It is imperative that all communications to the court concerning potential settlements clearly state the existence of any conditions attached to achieving a final, binding settlement agreement (such as approval from the supervising officials, substantiation of items, satisfying the requirements of section 6405, or the completion of related events, such as the execution of a closing agreement covering nondocketed years), and specify that, until all such conditions have been satisfied, neither the petitioner nor the court should consider the case settled. In the absence of such qualifications, the parties should expect that the court will enforce the reported settlement, even if the agreement has not been finalized through execution of a decision document and even though one of the parties no longer agrees to be bound to the reported settlement.
With the exception of certain relatively rare test cases, it has long been the position of the Office of Chief Counsel that sincere efforts should be made to settle those cases susceptible of settlement. In general, the Office of Chief Counsel regards all cases susceptible of settlement except those which involve negligible litigation hazards and cases designated for litigation.
Before a Field attorney can make an informed decision about settlement, it is necessary to ascertain the Service’s current position on the issues involved in the case. See CCDM 18.104.22.168.1, Determination of Service Position, and CCDM 22.214.171.124, Legal Advice in General, for a discussion on how to determine the position of the Service and the required coordination procedures.
Cases and issues are to be settled on the merits. This usually involves a settlement on the merits of each issue before the court. Lump sum or blanket settlements which include tax, penalty, and interest should be avoided, and generally should not be entertained or accepted. The Service has a definite policy against settlements without statutory interest on the deficiency. Generally, in deficiency cases other than transferee liability cases, the Tax Court has no jurisdiction over interest on the deficiency and the amount of the deficiency in tax or penalty (other than the transferee liability cases) should be agreed upon without regard to the statutory interest which is to be assessed. In extraordinary circumstances, a lump sum settlement may be justified; but in such cases there must be an allocation between tax, penalty, and interest, and the interest to the agreed date of payment must be computed and omitted from the settlement stipulation.
No case is to be settled on a so-called nuisance basis, either for or against the government. What constitutes a nuisance settlement is dependent upon the circumstances in each case. When each issue is settled on its merits, the fact that the resulting deficiency is a small percentage of the deficiency asserted in the statutory notice would not be construed as a "nuisance" settlement.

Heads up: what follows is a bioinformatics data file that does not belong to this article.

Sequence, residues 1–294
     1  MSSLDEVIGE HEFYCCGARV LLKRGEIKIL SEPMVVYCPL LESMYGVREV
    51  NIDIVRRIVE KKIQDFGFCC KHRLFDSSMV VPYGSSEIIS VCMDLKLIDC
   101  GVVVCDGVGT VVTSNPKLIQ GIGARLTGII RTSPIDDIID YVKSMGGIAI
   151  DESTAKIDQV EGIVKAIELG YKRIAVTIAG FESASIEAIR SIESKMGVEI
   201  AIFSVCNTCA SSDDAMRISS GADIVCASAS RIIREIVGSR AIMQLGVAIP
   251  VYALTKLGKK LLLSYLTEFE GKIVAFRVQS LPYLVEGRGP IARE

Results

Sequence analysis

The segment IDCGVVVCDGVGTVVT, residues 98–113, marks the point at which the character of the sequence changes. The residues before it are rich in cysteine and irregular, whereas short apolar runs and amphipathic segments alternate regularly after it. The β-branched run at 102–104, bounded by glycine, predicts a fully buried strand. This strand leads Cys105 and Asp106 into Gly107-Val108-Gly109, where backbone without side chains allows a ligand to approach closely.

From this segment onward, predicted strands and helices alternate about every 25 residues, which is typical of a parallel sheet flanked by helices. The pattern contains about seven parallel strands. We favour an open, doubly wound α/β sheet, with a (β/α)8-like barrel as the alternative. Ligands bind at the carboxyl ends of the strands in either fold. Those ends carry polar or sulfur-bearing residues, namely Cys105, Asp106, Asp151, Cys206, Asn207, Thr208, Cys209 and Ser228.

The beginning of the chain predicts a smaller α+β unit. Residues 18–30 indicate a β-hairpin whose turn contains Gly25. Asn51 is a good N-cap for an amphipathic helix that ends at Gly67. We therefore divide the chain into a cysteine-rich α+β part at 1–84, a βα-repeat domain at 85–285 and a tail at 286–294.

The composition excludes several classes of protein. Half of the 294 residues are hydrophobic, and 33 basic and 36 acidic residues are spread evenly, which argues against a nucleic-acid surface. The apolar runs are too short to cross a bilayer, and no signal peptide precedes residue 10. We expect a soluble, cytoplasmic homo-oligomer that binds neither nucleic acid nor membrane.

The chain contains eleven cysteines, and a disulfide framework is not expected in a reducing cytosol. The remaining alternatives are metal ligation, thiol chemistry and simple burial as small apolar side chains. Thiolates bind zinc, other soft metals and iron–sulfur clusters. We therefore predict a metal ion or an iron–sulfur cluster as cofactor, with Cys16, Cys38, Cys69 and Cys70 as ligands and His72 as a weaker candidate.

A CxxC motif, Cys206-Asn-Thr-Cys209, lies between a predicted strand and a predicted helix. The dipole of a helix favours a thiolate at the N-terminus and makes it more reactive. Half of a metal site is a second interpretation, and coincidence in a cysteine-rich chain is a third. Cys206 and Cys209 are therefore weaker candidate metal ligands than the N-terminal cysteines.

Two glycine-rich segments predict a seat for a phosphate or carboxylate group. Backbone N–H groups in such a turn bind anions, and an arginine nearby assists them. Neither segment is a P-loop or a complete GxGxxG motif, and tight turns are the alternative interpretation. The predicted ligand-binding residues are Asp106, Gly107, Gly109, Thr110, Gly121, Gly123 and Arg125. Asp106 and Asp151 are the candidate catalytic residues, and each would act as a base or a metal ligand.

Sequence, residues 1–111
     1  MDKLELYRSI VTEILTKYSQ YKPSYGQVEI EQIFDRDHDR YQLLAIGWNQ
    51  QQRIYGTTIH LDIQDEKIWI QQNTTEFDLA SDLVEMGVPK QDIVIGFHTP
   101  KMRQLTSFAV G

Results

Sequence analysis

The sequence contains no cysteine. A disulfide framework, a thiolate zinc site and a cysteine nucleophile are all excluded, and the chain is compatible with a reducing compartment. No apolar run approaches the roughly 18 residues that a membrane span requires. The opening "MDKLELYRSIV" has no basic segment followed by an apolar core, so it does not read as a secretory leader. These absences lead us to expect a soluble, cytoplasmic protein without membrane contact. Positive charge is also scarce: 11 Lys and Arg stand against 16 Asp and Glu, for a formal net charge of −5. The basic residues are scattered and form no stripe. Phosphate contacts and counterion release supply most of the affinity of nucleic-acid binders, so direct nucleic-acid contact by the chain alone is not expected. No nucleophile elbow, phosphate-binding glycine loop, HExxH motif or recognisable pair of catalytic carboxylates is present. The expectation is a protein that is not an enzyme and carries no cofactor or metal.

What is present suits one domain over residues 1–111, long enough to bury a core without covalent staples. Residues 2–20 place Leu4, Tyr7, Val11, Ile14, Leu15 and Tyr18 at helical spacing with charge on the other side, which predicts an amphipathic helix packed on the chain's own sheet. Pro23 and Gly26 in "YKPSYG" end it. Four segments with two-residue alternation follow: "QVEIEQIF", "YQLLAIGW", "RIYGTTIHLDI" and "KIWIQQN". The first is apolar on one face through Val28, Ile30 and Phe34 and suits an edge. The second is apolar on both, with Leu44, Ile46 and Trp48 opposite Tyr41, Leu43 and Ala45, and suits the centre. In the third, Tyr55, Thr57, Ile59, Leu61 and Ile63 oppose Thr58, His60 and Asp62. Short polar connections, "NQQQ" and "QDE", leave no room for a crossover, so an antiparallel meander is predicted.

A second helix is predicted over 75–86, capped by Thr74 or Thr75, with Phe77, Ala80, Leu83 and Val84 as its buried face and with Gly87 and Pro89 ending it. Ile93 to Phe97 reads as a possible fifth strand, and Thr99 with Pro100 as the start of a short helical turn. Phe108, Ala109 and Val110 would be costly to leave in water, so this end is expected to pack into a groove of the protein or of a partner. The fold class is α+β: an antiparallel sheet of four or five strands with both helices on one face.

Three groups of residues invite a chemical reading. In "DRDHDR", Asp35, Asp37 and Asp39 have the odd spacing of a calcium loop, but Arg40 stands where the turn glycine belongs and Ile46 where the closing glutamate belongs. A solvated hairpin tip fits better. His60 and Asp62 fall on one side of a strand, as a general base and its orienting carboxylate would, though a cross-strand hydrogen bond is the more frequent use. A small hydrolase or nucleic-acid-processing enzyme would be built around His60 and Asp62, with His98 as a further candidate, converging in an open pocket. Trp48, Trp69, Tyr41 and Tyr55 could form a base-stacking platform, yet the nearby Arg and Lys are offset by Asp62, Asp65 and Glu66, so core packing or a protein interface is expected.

Penalties must be settled on the merits. Attorneys are not to use penalties as a "bargaining point" in resolving a taxpayer’s other tax adjustments. In deciding whether to settle docketed cases, attorneys must consider the hazards of litigation with respect to the penalties independent of the hazards of litigation with respect to the underlying tax adjustments. See Policy Statement 20-1, Penalties are used to enhance voluntary compliance (IRM 126.96.36.199.1(9)). In cases involving individuals, Chief Counsel attorneys will have the burden of production under section 7491(c) to establish the taxpayer’s liability for any penalty; taxpayers will have the burden to establish defenses such as reasonable cause, substantial authority, or similar defenses to the imposition of penalties. The Counsel Settlement Memorandum must reflect the analysis of the hazards of litigation of the penalty issue. See CCDM 188.8.131.52, Counsel Settlement Memorandum.
The parties in a settlement stipulation can agree to eliminate or partially concede penalties to amounts less than the statutory percentage. If criminal prosecution against the petitioner (or related taxpayer involving the same transaction) has been recommended to DOJ, however, coordination is required before any such agreement can be finalized. See CCDM 184.108.40.206, Tax Court Cases Having Criminal Aspects, and CCDM 220.127.116.11, Balancing Criminal and Civil Aspects.
The attorney and reviewer should not conduct any settlement negotiations in the presence of the trial judge. See CCDM 18.104.22.168, No Settlement Negotiations before the Trial Judge.
Normally, the collection aspects of an agreed deficiency are not considered in the disposal of a deficiency or transferee liability case. It is preferable that all settlements be effectuated by a merits settlement rather than upon the basis of inability to pay. This general guideline is applicable even though there may be a substantial basis for concluding that the petitioner may not be able to pay the agreed deficiency. In this instance, the case should be settled on its merits, and if the petitioner is unable to pay such deficiency, he can later file an offer in compromise based upon doubt as to collectability. Offers in compromise should not be solicited except in the most unusual circumstances.